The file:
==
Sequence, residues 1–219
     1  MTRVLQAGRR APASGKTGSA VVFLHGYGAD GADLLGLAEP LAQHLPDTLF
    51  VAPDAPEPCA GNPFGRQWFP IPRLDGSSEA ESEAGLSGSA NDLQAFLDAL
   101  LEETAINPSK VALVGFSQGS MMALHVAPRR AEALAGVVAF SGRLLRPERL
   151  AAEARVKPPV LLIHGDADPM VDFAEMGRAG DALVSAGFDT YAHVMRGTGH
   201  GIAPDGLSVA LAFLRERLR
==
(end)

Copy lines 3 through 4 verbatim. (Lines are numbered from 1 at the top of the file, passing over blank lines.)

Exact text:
    51  VAPDAPEPCA GNPFGRQWFP IPRLDGSSEA ESEAGLSGSA NDLQAFLDAL
   101  LEETAINPSK VALVGFSQGS MMALHVAPRR AEALAGVVAF SGRLLRPERL